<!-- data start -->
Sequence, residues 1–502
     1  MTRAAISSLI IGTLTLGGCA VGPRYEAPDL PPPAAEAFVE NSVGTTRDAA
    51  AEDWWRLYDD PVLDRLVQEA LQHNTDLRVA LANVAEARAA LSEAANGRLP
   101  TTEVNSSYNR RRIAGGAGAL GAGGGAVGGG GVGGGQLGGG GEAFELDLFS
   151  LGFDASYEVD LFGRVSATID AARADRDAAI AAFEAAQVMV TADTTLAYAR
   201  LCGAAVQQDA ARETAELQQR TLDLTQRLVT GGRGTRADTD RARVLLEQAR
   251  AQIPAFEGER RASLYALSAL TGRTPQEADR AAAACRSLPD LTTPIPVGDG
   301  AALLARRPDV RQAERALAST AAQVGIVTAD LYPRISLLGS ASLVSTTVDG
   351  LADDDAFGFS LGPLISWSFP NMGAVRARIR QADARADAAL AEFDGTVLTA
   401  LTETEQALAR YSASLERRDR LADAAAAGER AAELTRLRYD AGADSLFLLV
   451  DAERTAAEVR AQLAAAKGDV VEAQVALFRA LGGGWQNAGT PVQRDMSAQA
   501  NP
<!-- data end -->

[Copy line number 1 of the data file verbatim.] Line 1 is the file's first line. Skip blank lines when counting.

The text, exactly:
Sequence, residues 1–502